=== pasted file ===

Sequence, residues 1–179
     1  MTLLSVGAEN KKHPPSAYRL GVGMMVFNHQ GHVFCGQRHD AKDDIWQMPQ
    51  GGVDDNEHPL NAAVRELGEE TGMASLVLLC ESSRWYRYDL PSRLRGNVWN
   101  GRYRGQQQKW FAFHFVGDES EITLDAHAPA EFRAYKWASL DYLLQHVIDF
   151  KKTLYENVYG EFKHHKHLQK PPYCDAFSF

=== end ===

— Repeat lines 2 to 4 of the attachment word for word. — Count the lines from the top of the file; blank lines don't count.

     1  MTLLSVGAEN KKHPPSAYRL GVGMMVFNHQ GHVFCGQRHD AKDDIWQMPQ
    51  GGVDDNEHPL NAAVRELGEE TGMASLVLLC ESSRWYRYDL PSRLRGNVWN
   101  GRYRGQQQKW FAFHFVGDES EITLDAHAPA EFRAYKWASL DYLLQHVIDF